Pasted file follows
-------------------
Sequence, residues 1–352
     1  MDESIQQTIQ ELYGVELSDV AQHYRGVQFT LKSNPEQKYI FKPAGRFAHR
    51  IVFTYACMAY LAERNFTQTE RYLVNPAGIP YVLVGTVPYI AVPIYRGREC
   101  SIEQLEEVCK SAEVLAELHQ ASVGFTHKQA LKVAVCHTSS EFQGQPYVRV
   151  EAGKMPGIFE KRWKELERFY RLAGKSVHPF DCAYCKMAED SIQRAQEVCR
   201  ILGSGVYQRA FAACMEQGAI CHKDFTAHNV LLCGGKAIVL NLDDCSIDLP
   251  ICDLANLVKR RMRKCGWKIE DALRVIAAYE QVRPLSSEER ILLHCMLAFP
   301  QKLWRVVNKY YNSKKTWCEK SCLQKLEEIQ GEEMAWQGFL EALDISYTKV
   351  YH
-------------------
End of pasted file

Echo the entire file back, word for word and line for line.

Sequence, residues 1–352
     1  MDESIQQTIQ ELYGVELSDV AQHYRGVQFT LKSNPEQKYI FKPAGRFAHR
    51  IVFTYACMAY LAERNFTQTE RYLVNPAGIP YVLVGTVPYI AVPIYRGREC
   101  SIEQLEEVCK SAEVLAELHQ ASVGFTHKQA LKVAVCHTSS EFQGQPYVRV
   151  EAGKMPGIFE KRWKELERFY RLAGKSVHPF DCAYCKMAED SIQRAQEVCR
   201  ILGSGVYQRA FAACMEQGAI CHKDFTAHNV LLCGGKAIVL NLDDCSIDLP
   251  ICDLANLVKR RMRKCGWKIE DALRVIAAYE QVRPLSSEER ILLHCMLAFP
   301  QKLWRVVNKY YNSKKTWCEK SCLQKLEEIQ GEEMAWQGFL EALDISYTKV
   351  YH